I was mildly disappointed by The Tenant, the slow start was a little on the sluggish side for my tastes. The second hour really picked up in the bizarre and often creepy area that I expected from the first hour of the film. I'm not opposed to the random inserts of comedy we experience, that wasn't my problem at all with the first half, I think I just wanted more development when…
The Tenant, Roman Polanski's last film in his Apartment Trilogy must be the craziest of them all. It's a very strange film I think. It hops from a fun and whimsical tone to a truly bizarre and psychologically twisted one. Trelkovsky (played by Roman Polanski) slowly by slowly finds out that his neighbours in his new apartment building are extremely unaccommodating, very creepy and occasionally awkward. He is being assaulted mentally and tries to play them at their own game. Without spoiling it, this has a various results. Anyway, for me The Tenant reinforced the fact Roman Polanski is not just a master behind the camera, but that he's also a solid and good actor on his own. I thought…
I have never, in my life, seen a horror movie that was so representative of the director's own phobias and insecurities. The Tenant, directed by Roman Polanski and starring the man himself, is part of his "apartment trilogy," a cinematic depiction of the horrors of urban living. I would assume that Polanski's neighbors once creeped the hell out of him, and vice versa. In this, he plays Trelkovsky, a meek bureaucrat that rents out an apartment whose last owner committed suicide, It's not long before Trelkovsky begins to feel the same urban paranoia that afflicted Mia Farrow in Rosemary's Baby.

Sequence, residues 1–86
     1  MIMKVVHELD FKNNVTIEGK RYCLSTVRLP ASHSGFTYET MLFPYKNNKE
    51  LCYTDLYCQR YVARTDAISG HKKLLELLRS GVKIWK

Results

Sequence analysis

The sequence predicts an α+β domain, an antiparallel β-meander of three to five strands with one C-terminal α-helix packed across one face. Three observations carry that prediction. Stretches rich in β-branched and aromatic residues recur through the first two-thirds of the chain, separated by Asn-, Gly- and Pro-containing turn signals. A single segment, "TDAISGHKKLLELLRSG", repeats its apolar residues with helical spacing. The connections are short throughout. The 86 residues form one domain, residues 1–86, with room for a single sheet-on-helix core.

This movie has a very slow pace, quietly ratcheting up the unsettling imagery until it reaches a climax of horrific…
One of Roman Polanski's greatest psychological thrillers. Although Polanski is a terrible actor, everything else about it is so great that I can look past it. Its mood and subtle build up is similar to Rosemary's Baby. Probably the most surreal film Polanski ever made
The first hour or so of this film doesn't work. Polanski is a shy introvert who chills with his bros and makes dick jokes in a Parisian apartment and gets his rocks off with Isabelle Adjani in a movie theater? I didn't buy any of that.